The Pirates added Agrazal to the 40-man roster in the off-season, then sent him back to Altoona. Unfortunately, he suffered a shoulder strain in late May and missed two months. For the most part, he got results that were very similar to the previous year, except his K rate dropped back down to a very low level. His stats suffered badly from two starts at the end of the season. Although he pitched well in his first several starts with the Curve after the injury, he gave up 15 earned runs and 23 hits in ten innings during his last two starts. He also got roughed up in his one post-season start. On the season, opponents batted .262 against him and slugged .406, both of which were above league average. That’s not something you’d want to see from a future major league starter, although his opponents’ OBP of .298 was below the league average. Agrazal had a large platoon split, allowing a .759 OPS to left-handed hitters and .633 to right-handed.
Agrazal opened the season back at Altoona, but moved up after four starts. In his first eight AAA starts, he had two bad ones but six very good ones. In need of a starter, the Pirates called him up in mid-June. After shuttling back and forth between AAA and the majors several times, he spent the rest of the season in the Pirates’ rotation except for a two-start stint at Indianapolis in mid-August. Agrazal pitched very well in his first five major league starts, posting an ERA of 2.25. After that, he got hit hard, with an ERA of 6.55. Overall, he didn’t walk many, but he missed very few bats and struggled with the longball, allowing better than one every five innings. Opponents posted a strong 283/345/497 batting line against him, with right-handed hitters pounding him for a .587 slugging average. He was only moderately effective in AAA, with a 4.23 xFIP, although you have to take into account the league ERA of 5.16.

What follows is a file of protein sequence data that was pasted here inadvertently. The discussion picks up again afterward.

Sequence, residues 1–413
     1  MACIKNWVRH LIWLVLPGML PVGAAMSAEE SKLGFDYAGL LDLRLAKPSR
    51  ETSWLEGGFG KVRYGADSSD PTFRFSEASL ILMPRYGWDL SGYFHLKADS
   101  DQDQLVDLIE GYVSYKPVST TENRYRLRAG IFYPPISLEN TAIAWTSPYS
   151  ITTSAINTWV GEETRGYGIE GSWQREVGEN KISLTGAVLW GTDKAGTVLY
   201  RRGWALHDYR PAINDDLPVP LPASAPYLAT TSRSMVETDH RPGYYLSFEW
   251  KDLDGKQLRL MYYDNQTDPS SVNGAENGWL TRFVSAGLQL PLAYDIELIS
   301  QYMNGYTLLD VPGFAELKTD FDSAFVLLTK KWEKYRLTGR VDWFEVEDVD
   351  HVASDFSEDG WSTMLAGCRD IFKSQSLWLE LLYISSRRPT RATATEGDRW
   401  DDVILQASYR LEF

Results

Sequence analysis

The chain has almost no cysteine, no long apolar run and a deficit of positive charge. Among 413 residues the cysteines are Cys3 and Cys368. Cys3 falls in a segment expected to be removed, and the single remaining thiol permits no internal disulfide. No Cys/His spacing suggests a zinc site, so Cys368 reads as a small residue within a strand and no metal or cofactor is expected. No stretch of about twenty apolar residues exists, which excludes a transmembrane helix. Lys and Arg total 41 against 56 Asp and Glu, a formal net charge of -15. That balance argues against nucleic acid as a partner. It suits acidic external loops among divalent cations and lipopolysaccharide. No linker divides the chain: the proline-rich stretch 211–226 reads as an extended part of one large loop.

The issue with Agrazal, as with James Marvel, is whether his stuff will play in the majors. He’ll have to miss more bats to be able to stick as a back-of-the-rotation starter. He probably profiles best as AAA depth and the Pirates in fact designated him for assignment to clear roster space after the 2019 season.
|2020: Minor League Salary|
|Signing Bonus: N/A
MiLB Debut: 2013
MLB Debut: N/A
MiLB FA Eligible: 2019
MLB FA Eligible: N/A
Rule 5 Eligible: Eligible
Added to 40-Man: 11/20/2017 (since removed)
Options Remaining: 2 (USED: 2018)
MLB Service Time: 0.000
|July 1, 2012: Signed by the Pittsburgh Pirates as an international free agent.
November 20, 2017: Contract purchased by the Pittsburgh Pirates.
January 11, 2019: Designated for assignment by the Pittsburgh Pirates; outrighted to AA on January 18.
June 15, 2019: Called up by the Pittsburgh Pirates.
November 20, 2019: Designated for assignment by the Pittsburgh Pirates.